Part of our ongoing series of Book-It interviews conducted by TeenTix writers.

by Alia Rose , Book-It TeenTix Writing Project Contributor

The Financial Lives of Poets may at first be an odd choice for the title of a novel—at first glance, it speaks little of your book’s humorous tone.
Financial Lives of the Poets is a reference to The Lives of the Most Eminent English Poets, a famous eighteenth-century book about writers by Samuel Johnson. My title is a comic version of that.

At what age did you begin writing?
I began writing as a kid, 7 or 8, I guess. I started a magazine in my family called “Reader’s Indigestion,” which reported on the “news” in my family and employed my siblings and cousins as writers. I wrote for my school newspapers in junior high, high school and college and then worked for newspapers after college before publishing books.

Photo by Hannah Assouline
Author Jess Walter; photo by Hannah Assouline

What writers have inspired you?
So many, it’s hard to know where to start, so I’ll pick three. Kurt Vonnegut was my first writing hero, a writer whose work showed me how you could be funny and invite readers in, while showing what it meant to be human. Reading Joan Didion was remarkable—the way in which the sentences themselves seemed like chiseled stone from which she sculpted stories about her main subject: the anxious and fractured state of American culture. And Richard Russo’s combination of humor and pathos meant as much to me as getting to know him and seeing that a great writer could be down to earth.

[As an interesting side note, Book-It Repertory Theatre produced A Long Walk to Forever by Kurt Vonnegut Jr. in their 1995-1996 season.]

What is your writing process?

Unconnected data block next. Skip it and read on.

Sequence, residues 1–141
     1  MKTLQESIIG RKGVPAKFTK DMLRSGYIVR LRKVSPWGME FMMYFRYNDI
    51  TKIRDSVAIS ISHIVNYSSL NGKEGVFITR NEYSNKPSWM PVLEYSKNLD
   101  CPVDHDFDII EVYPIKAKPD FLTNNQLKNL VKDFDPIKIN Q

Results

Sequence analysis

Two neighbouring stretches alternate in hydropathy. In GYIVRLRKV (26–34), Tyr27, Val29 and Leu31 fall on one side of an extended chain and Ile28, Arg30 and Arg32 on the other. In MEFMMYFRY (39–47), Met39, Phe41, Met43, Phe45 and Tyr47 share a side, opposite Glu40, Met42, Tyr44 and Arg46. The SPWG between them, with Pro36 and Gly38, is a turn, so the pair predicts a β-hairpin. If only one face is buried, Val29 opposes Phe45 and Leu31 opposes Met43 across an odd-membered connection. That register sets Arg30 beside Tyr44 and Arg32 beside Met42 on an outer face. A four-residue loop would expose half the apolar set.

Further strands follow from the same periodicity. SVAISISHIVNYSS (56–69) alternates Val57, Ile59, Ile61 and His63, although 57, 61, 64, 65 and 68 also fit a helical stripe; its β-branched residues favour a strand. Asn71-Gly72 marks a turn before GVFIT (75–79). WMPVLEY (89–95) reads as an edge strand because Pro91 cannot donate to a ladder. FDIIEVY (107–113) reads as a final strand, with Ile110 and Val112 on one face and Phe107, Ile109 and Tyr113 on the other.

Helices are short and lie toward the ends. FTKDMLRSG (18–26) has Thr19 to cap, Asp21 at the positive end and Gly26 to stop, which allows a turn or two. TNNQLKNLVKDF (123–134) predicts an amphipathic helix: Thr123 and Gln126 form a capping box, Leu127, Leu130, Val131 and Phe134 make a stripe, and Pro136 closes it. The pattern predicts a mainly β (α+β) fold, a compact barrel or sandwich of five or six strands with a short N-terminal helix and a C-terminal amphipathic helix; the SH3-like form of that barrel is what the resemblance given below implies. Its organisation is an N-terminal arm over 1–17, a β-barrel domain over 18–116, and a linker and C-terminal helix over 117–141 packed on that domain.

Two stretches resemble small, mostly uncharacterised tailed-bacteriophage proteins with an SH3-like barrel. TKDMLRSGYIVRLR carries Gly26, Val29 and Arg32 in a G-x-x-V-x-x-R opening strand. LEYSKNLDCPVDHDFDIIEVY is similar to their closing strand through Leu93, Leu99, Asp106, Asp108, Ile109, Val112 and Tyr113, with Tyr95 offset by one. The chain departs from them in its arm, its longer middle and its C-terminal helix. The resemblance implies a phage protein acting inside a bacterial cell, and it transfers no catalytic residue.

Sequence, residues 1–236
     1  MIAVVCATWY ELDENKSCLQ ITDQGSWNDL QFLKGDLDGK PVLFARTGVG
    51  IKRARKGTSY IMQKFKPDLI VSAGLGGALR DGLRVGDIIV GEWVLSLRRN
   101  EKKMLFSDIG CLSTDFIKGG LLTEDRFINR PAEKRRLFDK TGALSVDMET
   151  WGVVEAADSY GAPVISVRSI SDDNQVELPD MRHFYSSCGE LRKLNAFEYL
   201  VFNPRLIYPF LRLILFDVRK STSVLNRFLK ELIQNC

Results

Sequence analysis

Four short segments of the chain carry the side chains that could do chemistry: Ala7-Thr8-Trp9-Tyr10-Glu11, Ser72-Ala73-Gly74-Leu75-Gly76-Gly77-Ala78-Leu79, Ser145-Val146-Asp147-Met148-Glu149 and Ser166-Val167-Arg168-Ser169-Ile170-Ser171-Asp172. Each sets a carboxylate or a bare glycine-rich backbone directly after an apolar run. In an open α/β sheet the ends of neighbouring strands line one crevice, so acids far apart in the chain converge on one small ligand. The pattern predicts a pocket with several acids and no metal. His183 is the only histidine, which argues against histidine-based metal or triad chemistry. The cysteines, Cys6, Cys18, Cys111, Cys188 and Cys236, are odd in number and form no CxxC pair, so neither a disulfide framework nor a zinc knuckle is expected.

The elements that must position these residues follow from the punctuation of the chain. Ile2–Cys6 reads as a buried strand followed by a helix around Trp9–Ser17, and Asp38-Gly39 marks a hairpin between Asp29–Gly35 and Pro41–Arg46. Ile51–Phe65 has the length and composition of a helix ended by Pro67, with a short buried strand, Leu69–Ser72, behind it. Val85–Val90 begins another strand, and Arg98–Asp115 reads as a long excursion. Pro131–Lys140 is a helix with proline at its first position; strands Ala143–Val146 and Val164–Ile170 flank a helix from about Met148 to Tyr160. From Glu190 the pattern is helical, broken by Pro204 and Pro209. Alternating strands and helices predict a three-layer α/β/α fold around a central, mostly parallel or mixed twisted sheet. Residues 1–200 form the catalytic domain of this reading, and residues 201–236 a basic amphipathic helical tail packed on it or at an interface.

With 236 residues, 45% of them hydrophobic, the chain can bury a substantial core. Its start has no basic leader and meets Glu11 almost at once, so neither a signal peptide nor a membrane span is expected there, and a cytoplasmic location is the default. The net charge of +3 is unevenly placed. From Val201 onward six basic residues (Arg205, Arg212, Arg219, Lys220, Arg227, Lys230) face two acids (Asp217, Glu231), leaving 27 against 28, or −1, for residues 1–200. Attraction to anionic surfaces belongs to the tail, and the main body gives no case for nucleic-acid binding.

My process is pretty simple. I take notes in a journal during the day and then wake early and get to work, usually by 5:30 a.m., and then I write new fiction for a few hours. I don’t answer emails or get on line until I’ve worked for a few hours. After that I try to do revisions, and then later answer emails, etc … I constantly revise and rewrite. My books have taken as long as fifteen years to write, but because I’m always working on several things at once, I’ve managed to publish a novel every three years or so.

This schedule seems to have paid off—so far, he’s published six novels, a nonfiction book, and several short stories including the recent, We Live in Water.

What was the inspiration for The Financial Lives of the Poets?
Originally, I wanted to write something that made me laugh. The other novels I was working on seemed so elaborate and heavily structured and I just wanted to write in this voice—Matt Prior’s—that made me laugh. But the novel quickly became serious, too, a story about how the recent financial crisis impacted a family. The book remained funny, I think, but also moving.

Matt Prior (Evan Whitfield) and the cast of The Financial Lives of the Poets; photo by Alan Alabastro.
Matt Prior (Evan Whitfield) and the cast of The Financial Lives of the Poets; photo by Alan Alabastro.

What are your thoughts on Book-It adapting your book as a literary play? Have you been part of the process in any way?
I’m thrilled that Book-It has chosen my novel, and I can’t wait to see what it’s like. It’s great to see talented people make something of the words I wrote. I haven’t had any part in the process; I suppose I’ll be an audience member like everyone else.

The curtain will rise on The Financial Lives of the Poets starting June 7  and will run through June 30, 2013. Tickets are on sale now for all performances.